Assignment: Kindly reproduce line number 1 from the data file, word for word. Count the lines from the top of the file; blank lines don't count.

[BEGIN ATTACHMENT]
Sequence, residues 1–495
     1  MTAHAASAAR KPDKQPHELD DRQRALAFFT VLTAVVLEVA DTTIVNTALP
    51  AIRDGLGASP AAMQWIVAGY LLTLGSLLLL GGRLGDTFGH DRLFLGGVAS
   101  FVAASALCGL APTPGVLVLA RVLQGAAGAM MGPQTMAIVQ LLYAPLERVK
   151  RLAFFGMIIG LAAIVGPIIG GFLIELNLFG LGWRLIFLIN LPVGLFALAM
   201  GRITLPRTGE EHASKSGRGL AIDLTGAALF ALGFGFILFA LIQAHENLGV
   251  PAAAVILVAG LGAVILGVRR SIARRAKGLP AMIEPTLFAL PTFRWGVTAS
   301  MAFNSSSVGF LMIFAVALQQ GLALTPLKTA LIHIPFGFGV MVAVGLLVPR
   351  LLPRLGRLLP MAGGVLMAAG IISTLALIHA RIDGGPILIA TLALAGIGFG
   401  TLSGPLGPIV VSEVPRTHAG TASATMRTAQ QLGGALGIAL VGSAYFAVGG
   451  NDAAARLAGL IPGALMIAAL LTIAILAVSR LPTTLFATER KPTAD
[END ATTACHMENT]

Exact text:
Sequence, residues 1–495